I have Verizon, America's largest 4G LTE network, as my cell service provider, but there are times when I find myself with a pretty shitty signal, rendering my upload and download speeds substantially slower than usual.
One of those times are when I'm in my bedroom, and although I've experimented enough with positioning to know where to yield the best connection (tightly pressed up against the left side of my window), it took me a while to figure out exactly where I was getting the best data service.
Even with Wi-Fi, there are definitely places where the signal suffers, especially around corners and through walls, leaving you with a much weaker signal than if you were in the same room as your router.
If you've been in similar jams, you know it's important to be able to determine how fast your cellular or Wi-Fi connection is and where it's at its best. With today's softModder guide, I'm going to show you how to always make sure you know the status and strength of your internet connection.
We're going to be using an Xposed module for this hack, so you'll need to be rooted and have Xposed Framework installed on your device. If you're looking for a non-root method, you can check out my previous guide on using Internet Speed Master on the Note 2.
Installing the Network Speed Indicator
NetworkSpeedIndicator, continued by dev FatMinMin (from Dzakus's original work), shows your current upload/download speed directly on your status bar.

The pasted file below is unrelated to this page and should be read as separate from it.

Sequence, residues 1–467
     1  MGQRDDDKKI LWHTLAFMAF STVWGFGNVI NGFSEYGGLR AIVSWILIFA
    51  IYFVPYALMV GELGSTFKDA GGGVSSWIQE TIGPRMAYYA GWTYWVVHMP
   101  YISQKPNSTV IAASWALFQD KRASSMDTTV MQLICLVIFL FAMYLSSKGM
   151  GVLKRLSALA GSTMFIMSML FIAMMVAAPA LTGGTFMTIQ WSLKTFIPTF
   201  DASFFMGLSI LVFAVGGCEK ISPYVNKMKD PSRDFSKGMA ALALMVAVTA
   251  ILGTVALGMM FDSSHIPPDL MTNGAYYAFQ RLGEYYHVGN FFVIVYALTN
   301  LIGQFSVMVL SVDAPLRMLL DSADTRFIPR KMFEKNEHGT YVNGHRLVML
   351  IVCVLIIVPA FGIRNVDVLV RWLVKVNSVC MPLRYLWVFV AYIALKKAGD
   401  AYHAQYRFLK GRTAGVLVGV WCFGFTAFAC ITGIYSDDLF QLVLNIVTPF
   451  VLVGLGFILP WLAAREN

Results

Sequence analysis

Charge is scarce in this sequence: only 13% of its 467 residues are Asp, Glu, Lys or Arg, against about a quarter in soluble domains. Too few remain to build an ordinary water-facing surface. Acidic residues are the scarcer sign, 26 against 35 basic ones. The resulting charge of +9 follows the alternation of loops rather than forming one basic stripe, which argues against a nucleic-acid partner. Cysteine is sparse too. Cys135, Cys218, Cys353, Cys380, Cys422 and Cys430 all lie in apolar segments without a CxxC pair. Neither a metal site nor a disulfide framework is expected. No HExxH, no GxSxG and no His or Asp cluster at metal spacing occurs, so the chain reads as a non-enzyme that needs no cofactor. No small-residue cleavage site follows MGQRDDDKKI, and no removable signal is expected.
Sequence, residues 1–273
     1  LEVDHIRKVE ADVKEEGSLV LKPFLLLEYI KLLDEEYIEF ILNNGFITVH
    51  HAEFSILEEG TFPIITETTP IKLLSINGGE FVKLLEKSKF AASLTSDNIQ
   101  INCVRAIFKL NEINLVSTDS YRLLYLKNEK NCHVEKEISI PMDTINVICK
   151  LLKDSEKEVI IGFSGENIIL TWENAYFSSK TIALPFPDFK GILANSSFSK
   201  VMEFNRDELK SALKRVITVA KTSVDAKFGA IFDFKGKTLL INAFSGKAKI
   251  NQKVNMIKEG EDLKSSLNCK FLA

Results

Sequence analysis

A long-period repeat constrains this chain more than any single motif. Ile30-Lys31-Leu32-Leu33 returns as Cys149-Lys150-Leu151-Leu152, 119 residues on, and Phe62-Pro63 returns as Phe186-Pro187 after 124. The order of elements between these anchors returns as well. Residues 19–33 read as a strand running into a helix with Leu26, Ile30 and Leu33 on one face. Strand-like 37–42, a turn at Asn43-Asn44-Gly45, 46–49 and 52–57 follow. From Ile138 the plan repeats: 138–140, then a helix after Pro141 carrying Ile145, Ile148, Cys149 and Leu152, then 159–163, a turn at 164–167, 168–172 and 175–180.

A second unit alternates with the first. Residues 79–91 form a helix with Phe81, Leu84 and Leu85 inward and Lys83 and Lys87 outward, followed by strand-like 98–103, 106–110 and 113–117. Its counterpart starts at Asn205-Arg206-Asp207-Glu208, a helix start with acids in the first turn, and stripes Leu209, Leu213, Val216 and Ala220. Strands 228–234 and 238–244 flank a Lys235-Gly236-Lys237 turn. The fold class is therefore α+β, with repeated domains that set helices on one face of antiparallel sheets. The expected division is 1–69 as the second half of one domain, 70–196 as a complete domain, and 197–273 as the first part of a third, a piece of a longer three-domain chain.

Head to Xposed Installer, go to the Download section, and either scroll down or search for the "NetworkSpeedIndicator" module, then simply download and install it.
Now Activate the module by going back into Xposed Installer, going to Modules, and ticking the box next to "Network speed indicator."
Now head to the Framework section in Xposed Installer and select either of the reboot methods, or just reboot like normal with your Power button.
Managing Display Settings on Your Device
Now open the app from your app drawer or Xposed Installer. From NetworkSpeedIndicator's only page, you can toggle and configure several settings, such as the following.
- Show upload speed
- Show download speed
- Hide unit
- Hide when speed is zero
- Force unit (change the units to B/s, Kb/s Mb/s or auto)
- Change font size (normal, small, tiny)
- Position (left, right, notification bar)
- Suffix (none, triangle)
The changes are made in real time, so no need to reboot after you've messed with the settings.
Viewing Connection Speeds Through Your Status Bar
Once you're back up, you'll see the download/upload speeds in your status bar—unassuming yet extremely useful, especially for finding those dead zones in your home or office.
Below you can see a few screenshots of several configurations I made with the settings:
Above: "Notification Bar" alignment with "KB" measurements
Above: "Left" alignment with arrow indicators
Above: "Right" alignment with no arrows or speed indicators
That's it! A simple app with simple settings, and information right where you need it.
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Excellent work by FatMinMin...having it in the notification bar is awesome. I can now remove the Network Mini Monitor app which took up screen space.
Thanks and I have a question if you please:
I have Galaxy ace 3 and every time I turn it on I see in the notification area on the upper left hand a gray signal bar with a question mark over it ( exactly the same as one of your photo in this article) any Idea of how to get red of it ?
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